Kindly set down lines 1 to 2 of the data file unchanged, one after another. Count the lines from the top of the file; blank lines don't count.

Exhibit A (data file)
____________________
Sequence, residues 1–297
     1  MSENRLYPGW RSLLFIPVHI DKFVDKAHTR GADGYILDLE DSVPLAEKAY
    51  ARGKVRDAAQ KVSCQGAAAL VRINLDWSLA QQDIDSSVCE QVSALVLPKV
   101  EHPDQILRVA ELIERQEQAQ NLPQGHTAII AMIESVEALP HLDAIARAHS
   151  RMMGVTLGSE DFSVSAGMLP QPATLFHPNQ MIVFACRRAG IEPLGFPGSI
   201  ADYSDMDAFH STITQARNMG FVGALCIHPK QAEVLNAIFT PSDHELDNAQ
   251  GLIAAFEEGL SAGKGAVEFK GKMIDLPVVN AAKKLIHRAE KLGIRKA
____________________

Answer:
Sequence, residues 1–297
     1  MSENRLYPGW RSLLFIPVHI DKFVDKAHTR GADGYILDLE DSVPLAEKAY